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Plate XVIII.

Vol. IV. facing p. 232.

Hayman del.

CGrignion Sculp

O Sacred Weapon, left for Truth's Defence,
Sole Dread of Folly, Vice and Insolence!
To all but Heaven-directed Hands denied,

The Muse may give thee, but the Gods must guide.

Ep: 2 to 4 Satin










OT twice a twelve-month you appear in

And when it comes, the Court fee nothing in't.


After 2. in the MS.

You don't, I hope, pretend to quit the trade,
Because you think your reputation made :
Like good ** of whom so much was faid,
That when his name was up, he lay a-bed.
Come, come, refresh us with a livelier fong,
Or like you'll lie a-bed too long.


VER. 1. Not twice a twelve-month etc.] These two lines are from Horace; and the only lines that are fo in the whole Poem; being meant to give a handle to that which follows in the character of an impertinent Censurer,

'Tis all from Horace; etc. P.

VER. 2. the Court fee nothing in't.] He chofe this expreffion for the fake of its elegant and fatiric ambiguity. His writings abound in them.

You grow correct, that once, with Rapture writ,
And are, befides, too moral for a Wit.

Decay of Parts, alas! we all must feel --


Why now, this moment, don't I fee you steal?
'Tis all from Horace; Horace long before ye
Said, "Tories call'd him Whig, and Whigs a Tory ;”
And taught his Romans, in much better metre,
"To laugh at Fools who put their truft in Peter." 10
But Horace, Sir, was delicate, was nice;

Bubo obferves, he lash'd no fort of Vice:
Horace would fay, Sir Billy ferv'd the Crown,
Blunt could do Bus'ness, H-ggins knew the Town ;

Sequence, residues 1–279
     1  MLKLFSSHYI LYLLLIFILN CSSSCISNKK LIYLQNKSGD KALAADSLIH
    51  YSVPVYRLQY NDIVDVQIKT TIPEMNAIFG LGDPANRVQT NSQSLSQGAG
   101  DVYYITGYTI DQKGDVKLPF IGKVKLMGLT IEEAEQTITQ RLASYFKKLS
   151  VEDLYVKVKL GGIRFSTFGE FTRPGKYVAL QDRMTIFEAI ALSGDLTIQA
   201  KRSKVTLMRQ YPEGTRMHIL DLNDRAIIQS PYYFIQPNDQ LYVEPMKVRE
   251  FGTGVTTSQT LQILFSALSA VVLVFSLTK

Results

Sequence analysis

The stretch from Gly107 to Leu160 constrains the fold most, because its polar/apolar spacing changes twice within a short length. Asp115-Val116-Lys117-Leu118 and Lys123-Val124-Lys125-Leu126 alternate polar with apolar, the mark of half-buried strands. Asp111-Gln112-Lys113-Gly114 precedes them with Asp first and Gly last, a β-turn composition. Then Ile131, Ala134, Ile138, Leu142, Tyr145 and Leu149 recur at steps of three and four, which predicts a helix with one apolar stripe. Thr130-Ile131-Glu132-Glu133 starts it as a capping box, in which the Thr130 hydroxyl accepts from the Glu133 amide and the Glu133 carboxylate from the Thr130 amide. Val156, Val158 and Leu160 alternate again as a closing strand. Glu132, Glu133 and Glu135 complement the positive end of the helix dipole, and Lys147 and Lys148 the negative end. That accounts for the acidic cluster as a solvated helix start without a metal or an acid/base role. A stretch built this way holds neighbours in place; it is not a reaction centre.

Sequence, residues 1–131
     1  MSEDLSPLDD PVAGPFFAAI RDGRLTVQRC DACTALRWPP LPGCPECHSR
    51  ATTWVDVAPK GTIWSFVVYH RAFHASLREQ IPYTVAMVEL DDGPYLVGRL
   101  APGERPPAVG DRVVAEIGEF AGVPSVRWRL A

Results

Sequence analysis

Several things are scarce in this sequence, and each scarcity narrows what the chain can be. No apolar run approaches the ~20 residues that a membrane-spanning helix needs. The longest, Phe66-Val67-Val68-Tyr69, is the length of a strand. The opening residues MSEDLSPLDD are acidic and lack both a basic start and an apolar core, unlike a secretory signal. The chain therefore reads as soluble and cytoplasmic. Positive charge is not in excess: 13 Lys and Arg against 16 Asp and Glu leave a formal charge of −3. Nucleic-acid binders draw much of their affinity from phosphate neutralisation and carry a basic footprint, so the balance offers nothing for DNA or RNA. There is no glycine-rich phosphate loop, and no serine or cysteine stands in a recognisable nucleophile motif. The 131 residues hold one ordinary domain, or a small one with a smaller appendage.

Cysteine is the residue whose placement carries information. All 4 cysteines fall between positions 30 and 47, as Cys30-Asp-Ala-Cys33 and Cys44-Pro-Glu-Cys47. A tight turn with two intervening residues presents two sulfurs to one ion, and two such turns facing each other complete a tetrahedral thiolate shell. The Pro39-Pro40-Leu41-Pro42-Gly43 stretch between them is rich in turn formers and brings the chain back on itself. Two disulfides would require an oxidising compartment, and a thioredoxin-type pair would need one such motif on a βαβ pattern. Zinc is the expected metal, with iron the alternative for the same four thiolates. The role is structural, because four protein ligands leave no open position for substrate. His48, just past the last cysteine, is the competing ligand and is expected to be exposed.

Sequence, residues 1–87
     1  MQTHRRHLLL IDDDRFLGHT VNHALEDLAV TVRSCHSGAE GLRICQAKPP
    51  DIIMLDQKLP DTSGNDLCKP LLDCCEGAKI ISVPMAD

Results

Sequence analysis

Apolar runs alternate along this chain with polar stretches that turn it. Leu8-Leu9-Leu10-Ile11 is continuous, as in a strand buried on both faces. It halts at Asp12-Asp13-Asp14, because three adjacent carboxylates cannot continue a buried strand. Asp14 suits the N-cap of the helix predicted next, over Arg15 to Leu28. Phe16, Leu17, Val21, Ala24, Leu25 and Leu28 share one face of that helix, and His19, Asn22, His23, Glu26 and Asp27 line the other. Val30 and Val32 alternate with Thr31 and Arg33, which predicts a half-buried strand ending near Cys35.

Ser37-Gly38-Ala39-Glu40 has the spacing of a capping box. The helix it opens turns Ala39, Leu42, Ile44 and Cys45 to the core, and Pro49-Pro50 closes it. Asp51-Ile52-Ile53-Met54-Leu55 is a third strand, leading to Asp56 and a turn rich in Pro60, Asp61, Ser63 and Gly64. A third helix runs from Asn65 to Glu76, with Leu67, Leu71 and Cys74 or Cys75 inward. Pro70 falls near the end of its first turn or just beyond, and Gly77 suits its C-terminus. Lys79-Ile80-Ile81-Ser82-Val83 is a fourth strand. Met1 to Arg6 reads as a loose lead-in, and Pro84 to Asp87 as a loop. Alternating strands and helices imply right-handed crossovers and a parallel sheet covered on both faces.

In Sappho touch the Failing of the Sex,
In rev'rend Bishops note some small Neglects,
And own, the Spaniard did a waggish thing,

Who cropt our Ears, and sent them to the King.


P. Sir, what I write, fhould be correctly writ.
F. Correct! 'tis what no genius can admit.
Besides, you grow too moral for a Wit.



VER. 12. Bubo obferves,] Some guilty perfon very fond of making fuch an obfervation. P.

VER. 14. H-ggins] Formerly Jaylor of the Fleet prifon, enriched himself by many exactions, for which he was tried and expelled. P.

VER. 18. Who cropt our Ears,] Said to be executed by the Captain of a Spanish fhip on one Jenkins a Captain of

His fly, polite, infinuating style

Could please at Court, and make AUGUSTUS fmile:
An artful Manager, that crept between

His Friend and Shame, and was a kind of Screen.
But 'faith your very Friends will foon be fore;
Patriots there are, who wish you'd jeft no more
And where's the Glory; 'twill be only thought
The Great man never offer'd you a groat.

Go fee Sir ROBERT --

P. See Sir ROBERT !--- hum

And never laugh for all

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life to come?
Seen him I have, but in his happier hour
Of Social Pleasure, ill-exchang'd for Pow'r ;
Seen him, uncumber'd with the Venal tribe,
Smile without Art, and win without a Bribe.

an English one.





He cut off his ears, and bid him carry

them to the King his master. P.

VER. 22. Screen.]

Omne vafer vitium ridenti Flaccus amico
Tangit, et admiffus circum præcordia ludit.

Perf. P.

Ibid. Screen.] A metaphor peculiarly appropriated to a certain person in power. P.

VER. 24. Patriots there are, &c.] This appellation was generally given to thofe in oppofition to the Court. Though 1ome of them (which our author hints at) had views too mean and interefted to deferve that name. P.

VER. 26. The Great man] A phrafe, by common use, appropriated to the firft minifter.

VIR. 31. Seen bim, uncumber'd] These two verfes were

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